I guess enlightenment is a path not a sudden revelation, it's a long hard path.
Well, I think Caroline is right. I think that it does take an effort to learn wholly new things, no matter how smart or intelligent you are .
Nevertheless, no matter how hard one has to work to understand something or to solve a problem. When the understanding or the solution finally appears, it does have a flavour of revelation (maybe because that feeling is what we associate to the word revelation). Which doesn't mean that there has been no previous work.
I think the hardest part is to learn things nobody knows and that therefore can't be taught 
, that is
complicated. It usually is once the discovery is made when it is possible to look for the best way to employ or explain it and, somehow, to make it more natural 
. Even if the process of resolution of a problem is not optimal or if the results are wrong there might be a worthy question left.
When just searching for knowledge in a general direction, without a clear notion of what you are going to find, it seems very easy to get lost. We want an outcome, but I'm not sure we know what exact knowledge will lead to it.
Regardless of the degree of success of Mankind attempts to understand itself, maybe everybody so far has just been searching in the wrong place.
Maybe we are too used to things that are not true but that sound familiar and spend most of our time searching in the wrong direction.
Moreover, there seem to be things that need not only to be understood, but to feel right 
. What I'd really
want to know is what do I have to do to feel right what is right if ever I finally discover what it is.
Probably when we are able to understand something comparatively fast it's just because we already had some information about it. I think that possibly intelligent people just have more information of the right kind.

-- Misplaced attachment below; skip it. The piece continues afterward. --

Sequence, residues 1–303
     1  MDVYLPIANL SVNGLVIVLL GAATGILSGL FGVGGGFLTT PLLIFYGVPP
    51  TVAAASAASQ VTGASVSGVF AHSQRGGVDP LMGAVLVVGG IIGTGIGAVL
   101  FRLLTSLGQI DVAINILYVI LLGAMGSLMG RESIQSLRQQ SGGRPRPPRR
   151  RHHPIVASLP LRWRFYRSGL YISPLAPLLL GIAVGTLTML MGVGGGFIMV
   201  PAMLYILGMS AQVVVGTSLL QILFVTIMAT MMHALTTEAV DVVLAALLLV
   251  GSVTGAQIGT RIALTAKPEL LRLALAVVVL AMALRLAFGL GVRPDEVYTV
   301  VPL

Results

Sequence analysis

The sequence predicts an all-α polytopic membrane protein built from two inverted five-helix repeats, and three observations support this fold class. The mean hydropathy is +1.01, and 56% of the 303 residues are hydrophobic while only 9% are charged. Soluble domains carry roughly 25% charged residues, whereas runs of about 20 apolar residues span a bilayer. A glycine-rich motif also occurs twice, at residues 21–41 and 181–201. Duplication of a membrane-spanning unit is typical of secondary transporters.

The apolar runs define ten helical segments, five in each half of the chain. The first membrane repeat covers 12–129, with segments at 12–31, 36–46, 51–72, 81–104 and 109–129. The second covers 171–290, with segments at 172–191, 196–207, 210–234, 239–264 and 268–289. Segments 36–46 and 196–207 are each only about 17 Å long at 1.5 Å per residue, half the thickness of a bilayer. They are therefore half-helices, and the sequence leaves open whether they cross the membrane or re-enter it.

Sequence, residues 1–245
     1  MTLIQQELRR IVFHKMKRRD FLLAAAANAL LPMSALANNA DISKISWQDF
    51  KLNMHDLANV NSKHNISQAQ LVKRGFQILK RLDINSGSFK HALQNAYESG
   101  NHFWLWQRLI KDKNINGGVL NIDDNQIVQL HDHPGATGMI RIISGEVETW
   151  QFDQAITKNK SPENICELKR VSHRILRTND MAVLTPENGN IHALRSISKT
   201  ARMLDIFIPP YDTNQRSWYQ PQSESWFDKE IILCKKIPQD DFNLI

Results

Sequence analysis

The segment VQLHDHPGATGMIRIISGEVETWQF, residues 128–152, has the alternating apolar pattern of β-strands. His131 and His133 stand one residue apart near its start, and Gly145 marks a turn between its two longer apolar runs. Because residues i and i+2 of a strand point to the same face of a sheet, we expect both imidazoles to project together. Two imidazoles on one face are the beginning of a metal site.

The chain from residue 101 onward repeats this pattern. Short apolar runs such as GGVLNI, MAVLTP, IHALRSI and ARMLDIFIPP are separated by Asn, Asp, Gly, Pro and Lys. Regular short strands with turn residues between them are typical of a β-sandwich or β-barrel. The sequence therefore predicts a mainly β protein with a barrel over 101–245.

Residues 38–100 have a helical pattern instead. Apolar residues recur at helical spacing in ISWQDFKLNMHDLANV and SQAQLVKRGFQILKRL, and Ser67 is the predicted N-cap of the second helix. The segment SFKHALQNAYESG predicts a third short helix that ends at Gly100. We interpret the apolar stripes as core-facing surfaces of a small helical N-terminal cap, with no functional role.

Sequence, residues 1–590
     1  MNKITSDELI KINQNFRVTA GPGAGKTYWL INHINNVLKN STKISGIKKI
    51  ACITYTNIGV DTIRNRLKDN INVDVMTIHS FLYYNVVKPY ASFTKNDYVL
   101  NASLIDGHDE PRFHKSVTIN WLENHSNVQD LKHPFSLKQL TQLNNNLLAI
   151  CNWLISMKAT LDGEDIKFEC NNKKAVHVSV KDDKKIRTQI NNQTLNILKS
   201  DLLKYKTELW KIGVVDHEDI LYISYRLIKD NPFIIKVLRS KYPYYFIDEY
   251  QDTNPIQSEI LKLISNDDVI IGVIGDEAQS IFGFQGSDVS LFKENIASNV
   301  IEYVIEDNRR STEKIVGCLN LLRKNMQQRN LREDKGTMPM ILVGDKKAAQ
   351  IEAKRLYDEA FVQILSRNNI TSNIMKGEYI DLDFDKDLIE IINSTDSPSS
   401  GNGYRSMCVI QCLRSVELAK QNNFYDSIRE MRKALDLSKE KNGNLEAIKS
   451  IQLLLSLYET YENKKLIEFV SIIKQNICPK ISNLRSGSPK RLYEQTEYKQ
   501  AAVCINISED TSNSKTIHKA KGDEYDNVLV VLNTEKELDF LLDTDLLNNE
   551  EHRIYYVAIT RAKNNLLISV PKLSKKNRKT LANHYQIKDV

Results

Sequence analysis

Although no teachers means as well no bad teachers imposing you their errors and forcing you to learn by heart things that you don't really understand or care about.
For example, take something like the multiplication algorithm. From an adult's point of view it's among the easiest things he's able to do. It can take time for a child to fully understand it, even if most of them memorize it quite easily. But there are lots of resources developed to make easier the task of understanding it (those blocks representing units and those containers with ten holes, and those bigger containers with ten bigger holes for the smaller containers and so on...).
I mean... in Ancient Rome, multiplying was certainly not so evident. I've been told somewhen that someone able to multiply in Ancient Rome had a profession. I'm not sure of this, but it makes sense...
For example, smoking is very probably bad for human health. Lots of people know this and smoke. Because the feeling of smoking is right, it causes pleasure (apparently).
I don't think a perfect world's design would include smoking, though. I think the best and absolutely unachievable solution for this is that smoking causes displeasure. But no understanding of the effects of tobacco can possibly annulate the physical pleasure of smoking.
So instead we use anguish or fear. A lot of people, including me, has never tried a cigarette because of the possible consequences. More incredibly, people who likes smoking succeeds in quitting. And it seems there are more chances of success when family and friends are aware of the intention of quitting... which means that possibly pride and shame work as well.